One easily anticipated, but generally unforeseen consequence of the popping of the housing bubble is that inheritance tax thresholds are now starting to look absurdly generous.
Last autumn Gordon Brown allowed himself to be bullied into increasing an already generous tax-free allowance of £312,000 (only 6% of estates liable) to £350,000 by 2010. Much of the argument for this was based on the 'unfairness' of taxing ordinary people who had had the bad luck of inheriting homes worth hundreds of thousands of pounds after a decade of inflation (already a shaky case - why shouldn't beneficiaries of an unearned windfall be taxed?).
Now, of course, house prices are collapsing and even fewer estates will fall into the net. £350,000 is just short of the average London house price in 2007, but this has seen a decline of nearly 20% over 2008, and more declines are predicted. The average UK price was £210,000 the same year, now closer to £165,000.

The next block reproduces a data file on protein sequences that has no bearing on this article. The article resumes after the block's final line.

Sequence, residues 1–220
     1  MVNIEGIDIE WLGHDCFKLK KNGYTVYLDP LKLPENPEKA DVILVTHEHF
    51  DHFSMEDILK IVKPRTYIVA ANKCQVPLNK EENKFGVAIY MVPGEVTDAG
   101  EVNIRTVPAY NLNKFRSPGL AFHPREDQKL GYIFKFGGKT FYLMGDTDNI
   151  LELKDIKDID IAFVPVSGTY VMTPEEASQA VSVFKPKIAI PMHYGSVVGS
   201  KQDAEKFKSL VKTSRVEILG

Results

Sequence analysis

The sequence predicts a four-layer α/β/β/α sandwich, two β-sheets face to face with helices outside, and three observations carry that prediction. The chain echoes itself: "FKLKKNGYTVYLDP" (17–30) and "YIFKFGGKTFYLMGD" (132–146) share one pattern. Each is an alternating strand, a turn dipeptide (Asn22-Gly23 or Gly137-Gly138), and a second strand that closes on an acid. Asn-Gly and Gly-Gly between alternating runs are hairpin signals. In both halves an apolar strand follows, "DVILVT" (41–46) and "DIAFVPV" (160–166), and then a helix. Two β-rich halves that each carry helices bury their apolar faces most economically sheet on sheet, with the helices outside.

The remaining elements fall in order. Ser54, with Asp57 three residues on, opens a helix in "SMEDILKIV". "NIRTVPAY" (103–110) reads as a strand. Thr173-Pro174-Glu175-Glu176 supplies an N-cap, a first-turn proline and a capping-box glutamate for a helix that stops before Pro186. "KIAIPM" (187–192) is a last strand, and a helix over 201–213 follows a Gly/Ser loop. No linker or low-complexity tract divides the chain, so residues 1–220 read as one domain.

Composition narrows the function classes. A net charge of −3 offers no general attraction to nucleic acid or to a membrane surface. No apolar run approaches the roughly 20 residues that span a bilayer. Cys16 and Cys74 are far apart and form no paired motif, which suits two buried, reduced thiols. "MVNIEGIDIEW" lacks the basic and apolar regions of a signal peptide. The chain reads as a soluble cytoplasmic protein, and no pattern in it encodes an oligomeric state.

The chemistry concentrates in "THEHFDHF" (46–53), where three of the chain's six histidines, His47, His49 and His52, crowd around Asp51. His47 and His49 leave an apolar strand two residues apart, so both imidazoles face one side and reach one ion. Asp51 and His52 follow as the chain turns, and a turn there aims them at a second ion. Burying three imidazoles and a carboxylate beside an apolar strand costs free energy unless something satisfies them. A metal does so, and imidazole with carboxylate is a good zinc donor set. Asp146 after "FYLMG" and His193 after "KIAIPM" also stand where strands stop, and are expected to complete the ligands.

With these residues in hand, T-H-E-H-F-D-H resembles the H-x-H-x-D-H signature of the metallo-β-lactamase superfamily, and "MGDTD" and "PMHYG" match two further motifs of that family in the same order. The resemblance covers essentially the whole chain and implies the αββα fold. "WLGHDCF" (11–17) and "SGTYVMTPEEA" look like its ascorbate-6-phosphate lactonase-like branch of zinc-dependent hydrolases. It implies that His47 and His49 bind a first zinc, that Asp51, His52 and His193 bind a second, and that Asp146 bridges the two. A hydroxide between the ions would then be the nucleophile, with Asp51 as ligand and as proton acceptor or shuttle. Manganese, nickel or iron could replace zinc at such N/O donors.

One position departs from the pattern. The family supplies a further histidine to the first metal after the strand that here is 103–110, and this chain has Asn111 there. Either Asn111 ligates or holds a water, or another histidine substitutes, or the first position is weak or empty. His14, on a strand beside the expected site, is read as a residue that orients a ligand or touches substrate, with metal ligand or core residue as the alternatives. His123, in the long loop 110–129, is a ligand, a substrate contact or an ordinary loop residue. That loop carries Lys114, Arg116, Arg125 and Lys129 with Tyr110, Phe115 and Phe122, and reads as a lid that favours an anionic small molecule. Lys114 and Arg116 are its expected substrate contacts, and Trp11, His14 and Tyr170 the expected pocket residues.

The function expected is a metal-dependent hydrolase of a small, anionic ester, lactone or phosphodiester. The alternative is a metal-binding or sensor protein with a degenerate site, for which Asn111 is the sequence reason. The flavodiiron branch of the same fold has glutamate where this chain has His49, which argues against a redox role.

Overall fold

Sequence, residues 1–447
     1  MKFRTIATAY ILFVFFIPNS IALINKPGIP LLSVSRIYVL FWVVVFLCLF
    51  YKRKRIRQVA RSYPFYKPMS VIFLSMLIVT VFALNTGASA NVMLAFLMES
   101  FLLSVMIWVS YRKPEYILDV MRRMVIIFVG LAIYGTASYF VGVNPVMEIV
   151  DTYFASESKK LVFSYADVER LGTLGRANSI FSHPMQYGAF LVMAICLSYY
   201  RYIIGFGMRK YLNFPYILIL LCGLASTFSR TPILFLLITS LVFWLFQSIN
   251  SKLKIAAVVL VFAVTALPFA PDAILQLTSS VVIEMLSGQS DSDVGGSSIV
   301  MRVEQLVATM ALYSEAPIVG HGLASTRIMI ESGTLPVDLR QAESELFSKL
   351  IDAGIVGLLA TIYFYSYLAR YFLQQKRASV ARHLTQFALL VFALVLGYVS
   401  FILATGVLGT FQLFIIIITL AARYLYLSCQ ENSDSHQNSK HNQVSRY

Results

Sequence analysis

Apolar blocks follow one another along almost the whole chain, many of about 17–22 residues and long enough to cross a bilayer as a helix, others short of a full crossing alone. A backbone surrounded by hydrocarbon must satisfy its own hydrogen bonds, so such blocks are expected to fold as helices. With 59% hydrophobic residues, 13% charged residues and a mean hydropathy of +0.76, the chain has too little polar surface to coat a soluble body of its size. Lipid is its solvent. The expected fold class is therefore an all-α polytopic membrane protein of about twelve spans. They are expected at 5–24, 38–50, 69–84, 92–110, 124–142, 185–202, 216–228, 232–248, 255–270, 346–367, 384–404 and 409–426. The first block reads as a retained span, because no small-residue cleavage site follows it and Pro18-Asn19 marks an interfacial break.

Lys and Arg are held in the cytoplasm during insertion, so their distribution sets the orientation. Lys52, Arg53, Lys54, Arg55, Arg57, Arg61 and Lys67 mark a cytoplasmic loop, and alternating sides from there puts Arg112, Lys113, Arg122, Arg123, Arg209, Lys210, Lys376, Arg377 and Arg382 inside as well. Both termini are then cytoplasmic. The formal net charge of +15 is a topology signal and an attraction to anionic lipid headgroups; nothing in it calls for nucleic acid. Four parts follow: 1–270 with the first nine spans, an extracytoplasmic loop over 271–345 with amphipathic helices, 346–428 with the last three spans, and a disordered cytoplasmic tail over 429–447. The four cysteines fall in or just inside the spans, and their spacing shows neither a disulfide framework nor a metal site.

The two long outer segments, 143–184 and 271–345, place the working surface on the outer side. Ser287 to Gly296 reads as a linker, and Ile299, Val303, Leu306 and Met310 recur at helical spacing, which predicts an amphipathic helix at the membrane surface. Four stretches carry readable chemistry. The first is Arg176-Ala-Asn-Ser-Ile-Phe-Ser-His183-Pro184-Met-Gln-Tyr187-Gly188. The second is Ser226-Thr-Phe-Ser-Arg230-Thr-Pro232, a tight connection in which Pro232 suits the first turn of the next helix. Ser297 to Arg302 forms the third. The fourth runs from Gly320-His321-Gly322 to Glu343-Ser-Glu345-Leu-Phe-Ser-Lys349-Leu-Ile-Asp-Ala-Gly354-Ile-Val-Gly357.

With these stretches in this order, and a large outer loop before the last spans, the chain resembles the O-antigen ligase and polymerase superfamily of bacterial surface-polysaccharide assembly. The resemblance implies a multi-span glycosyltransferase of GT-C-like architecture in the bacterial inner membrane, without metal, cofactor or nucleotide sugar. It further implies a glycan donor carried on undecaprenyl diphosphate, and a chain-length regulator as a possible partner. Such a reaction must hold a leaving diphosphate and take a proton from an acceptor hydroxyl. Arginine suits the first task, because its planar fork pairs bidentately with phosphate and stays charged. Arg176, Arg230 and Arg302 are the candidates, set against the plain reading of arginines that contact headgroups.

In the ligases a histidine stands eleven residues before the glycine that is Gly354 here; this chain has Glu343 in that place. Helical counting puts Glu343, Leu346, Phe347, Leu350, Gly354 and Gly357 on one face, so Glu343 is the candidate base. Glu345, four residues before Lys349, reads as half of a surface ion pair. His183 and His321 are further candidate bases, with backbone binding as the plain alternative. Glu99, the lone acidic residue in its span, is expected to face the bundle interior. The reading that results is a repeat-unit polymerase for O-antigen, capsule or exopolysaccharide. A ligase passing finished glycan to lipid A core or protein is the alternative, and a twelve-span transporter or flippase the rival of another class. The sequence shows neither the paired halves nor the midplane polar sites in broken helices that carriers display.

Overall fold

Of course, falling out of a tax band because an asset loses value is not a win-win situation, but to the extent that housing inheritances are reinvested in the housing market, those who inherit stand to gain because the asset's value in this market is retained, but it becomes tax-free. Given that hardly anyone had to pay the tax even before this give-away, and the ease with which it is legally evaded, the bottom 95-6% of the population end up giving the top 4-5% a housing 'tax credit' worth maybe a couple of billion pounds per year.
Wasn't new Labour about governing in the interests of 'the many, not the few'?